Scene and Heard – CCCXXVI : This Burning  –  Cream VIII (reviewed by Dave Franklin)

4a1a4cc531dd4b9ca4d3b5193024c89fNo matter what anyone tells you about current musical fashions, what the zeitgeist might happen to be blowing in from cooler taste making circles, what the papers say is the next big thing or any of that sort of rhetoric, one thing never changes. The underground, the outside, the left field, the other…call it what you will, is always a far more interesting place.

It eschews common consent, public opinion and the approval of the masses and just makes music for itself. How great is that? And proof of that can be found in Cream VIII’s (geddit?) arty, electro-punk disco dirge, This Burning. It recalls some of the greats of the outside curve, it updates Bauhaus, sits next to Nick Cave on the piano stool, squeezes the high drama and cliche out of The Sisters of Mercy and wanders the same sonic underworld as the likes of Depeche Mode, once they realised that pop was not where their future lay  and sold their souls and synths to a darker power.

Cream VIII, (formally Cream 8 but Roman numerals are more in keeping with the mystique of the band) released a string of  CD’s throughout the 90’s and early part of this century and seem to have kept active enough since to keep in the public eye, but a brand new video for the track This Burning is big news indeed.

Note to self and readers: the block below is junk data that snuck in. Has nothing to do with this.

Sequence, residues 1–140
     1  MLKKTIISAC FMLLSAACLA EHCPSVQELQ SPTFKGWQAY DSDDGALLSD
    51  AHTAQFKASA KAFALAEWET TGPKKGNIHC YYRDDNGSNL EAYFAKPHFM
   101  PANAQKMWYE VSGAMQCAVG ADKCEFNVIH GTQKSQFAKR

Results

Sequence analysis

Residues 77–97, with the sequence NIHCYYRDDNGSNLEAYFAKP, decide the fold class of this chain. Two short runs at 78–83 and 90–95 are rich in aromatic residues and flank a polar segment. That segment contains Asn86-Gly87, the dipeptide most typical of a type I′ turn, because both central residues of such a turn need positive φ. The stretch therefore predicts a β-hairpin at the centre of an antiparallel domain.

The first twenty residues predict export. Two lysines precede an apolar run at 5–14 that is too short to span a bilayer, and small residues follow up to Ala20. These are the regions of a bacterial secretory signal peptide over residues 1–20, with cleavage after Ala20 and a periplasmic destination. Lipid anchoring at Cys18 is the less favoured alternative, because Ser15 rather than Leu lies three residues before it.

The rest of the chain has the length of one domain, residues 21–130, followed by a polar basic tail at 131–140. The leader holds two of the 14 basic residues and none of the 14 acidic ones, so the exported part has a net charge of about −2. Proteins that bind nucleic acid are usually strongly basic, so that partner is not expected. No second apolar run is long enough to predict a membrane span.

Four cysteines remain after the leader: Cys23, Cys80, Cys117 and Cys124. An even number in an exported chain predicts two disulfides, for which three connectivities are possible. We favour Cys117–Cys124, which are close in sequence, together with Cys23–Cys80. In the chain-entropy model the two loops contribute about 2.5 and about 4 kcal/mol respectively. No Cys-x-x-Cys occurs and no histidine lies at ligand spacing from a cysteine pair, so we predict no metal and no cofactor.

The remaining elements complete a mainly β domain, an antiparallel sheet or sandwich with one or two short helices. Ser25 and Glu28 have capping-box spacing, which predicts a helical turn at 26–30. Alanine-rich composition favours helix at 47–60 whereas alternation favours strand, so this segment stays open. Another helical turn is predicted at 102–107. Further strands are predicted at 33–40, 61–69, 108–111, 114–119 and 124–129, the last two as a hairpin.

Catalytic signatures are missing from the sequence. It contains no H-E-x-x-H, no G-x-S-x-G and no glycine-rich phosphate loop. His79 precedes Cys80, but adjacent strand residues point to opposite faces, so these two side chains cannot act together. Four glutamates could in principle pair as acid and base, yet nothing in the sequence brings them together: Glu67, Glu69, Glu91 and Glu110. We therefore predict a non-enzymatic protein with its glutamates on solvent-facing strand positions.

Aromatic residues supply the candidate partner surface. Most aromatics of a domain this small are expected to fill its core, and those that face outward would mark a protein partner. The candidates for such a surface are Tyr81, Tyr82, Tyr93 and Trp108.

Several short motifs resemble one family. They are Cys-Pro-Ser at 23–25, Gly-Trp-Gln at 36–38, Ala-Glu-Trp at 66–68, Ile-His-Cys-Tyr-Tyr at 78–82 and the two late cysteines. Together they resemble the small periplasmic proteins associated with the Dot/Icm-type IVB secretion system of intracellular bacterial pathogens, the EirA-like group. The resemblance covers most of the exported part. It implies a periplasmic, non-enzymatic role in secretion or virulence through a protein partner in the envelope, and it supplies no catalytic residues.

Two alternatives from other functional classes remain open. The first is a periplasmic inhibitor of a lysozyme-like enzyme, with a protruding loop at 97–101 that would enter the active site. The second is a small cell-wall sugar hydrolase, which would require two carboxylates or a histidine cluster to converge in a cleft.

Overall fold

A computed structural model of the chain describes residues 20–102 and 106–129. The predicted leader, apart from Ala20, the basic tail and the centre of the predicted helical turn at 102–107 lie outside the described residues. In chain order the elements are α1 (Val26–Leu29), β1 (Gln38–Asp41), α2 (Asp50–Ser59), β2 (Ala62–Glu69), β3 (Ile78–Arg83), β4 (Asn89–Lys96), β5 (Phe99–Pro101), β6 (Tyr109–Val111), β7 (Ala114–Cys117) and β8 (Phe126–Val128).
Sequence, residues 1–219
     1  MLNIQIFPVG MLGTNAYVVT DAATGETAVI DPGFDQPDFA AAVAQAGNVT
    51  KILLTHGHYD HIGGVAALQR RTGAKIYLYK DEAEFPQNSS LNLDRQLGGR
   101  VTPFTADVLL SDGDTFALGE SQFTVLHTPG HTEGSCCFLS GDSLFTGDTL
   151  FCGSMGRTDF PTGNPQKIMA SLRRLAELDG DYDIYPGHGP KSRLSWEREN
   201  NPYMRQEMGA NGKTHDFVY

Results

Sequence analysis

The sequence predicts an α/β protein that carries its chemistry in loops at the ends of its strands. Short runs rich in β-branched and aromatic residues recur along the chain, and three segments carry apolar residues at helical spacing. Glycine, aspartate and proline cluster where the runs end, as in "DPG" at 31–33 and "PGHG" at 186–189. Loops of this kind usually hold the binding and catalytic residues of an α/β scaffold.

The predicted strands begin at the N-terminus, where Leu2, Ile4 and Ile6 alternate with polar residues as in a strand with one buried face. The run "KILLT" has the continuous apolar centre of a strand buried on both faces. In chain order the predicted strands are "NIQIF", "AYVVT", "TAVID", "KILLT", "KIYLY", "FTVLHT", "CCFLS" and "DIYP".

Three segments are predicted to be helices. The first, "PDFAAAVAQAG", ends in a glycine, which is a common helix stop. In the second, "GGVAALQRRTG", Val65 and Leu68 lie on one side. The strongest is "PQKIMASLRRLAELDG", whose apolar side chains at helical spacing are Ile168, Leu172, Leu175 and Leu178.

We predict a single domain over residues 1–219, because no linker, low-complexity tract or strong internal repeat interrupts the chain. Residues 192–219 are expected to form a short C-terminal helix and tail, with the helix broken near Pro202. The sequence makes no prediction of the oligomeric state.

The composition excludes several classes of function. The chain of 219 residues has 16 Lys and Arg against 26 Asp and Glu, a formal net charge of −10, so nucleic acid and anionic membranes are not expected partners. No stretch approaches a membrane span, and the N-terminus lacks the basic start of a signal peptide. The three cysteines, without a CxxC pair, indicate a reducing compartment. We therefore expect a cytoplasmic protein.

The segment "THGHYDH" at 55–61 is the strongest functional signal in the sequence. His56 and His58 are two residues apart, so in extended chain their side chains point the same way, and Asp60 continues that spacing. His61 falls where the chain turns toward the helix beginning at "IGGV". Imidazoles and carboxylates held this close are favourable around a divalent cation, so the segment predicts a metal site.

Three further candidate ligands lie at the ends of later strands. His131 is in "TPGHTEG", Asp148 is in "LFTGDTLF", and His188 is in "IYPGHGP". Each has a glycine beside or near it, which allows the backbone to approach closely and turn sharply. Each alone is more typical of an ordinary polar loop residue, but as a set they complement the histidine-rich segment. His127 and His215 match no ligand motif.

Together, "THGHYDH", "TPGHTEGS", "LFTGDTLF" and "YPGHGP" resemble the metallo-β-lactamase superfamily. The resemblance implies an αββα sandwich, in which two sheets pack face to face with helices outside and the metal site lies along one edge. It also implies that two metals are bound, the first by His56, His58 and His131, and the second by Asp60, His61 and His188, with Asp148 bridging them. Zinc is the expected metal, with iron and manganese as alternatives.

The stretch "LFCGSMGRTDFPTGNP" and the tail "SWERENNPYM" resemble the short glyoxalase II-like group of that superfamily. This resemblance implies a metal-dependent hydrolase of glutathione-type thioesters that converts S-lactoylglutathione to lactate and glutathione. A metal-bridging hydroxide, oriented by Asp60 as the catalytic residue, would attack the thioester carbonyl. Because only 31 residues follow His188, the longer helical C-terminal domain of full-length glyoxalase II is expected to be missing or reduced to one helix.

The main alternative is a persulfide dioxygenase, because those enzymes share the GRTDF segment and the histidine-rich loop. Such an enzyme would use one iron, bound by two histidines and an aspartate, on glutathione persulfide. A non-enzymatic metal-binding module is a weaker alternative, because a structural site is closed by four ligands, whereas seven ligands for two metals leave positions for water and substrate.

And as a music and video combination the two fit together perfectly. A striking gothic goddess, sashaying and slinkily grooving her way through decaying urban wastelands and buildings in the process of being subsumed by nature put to industrial beats and clinical synth sounds. It’s a great combination, a vision of mystery and otherworldliness, dystopia and seduction juxtaposed with a sound that feels half-human, half-machine, desolate and dangerous.

Building on the futuristic sounds of those 80’s synth pioneers, This Burning is a slick blend of the cold, clinical, noir-ish musical drama of those originators and a modern darkwave, slow dance vibe. It grafts an electro-gothic undercurrent on to an almost industrial pop sensibility (is that even a thing? I guess it is now!) and the result is the perfect soundtrack to be emanating from our car stereo as we drive into that final sunrise of a dystopian future. The future has never sounded so wonderfully bleak or so horrifically beautiful.

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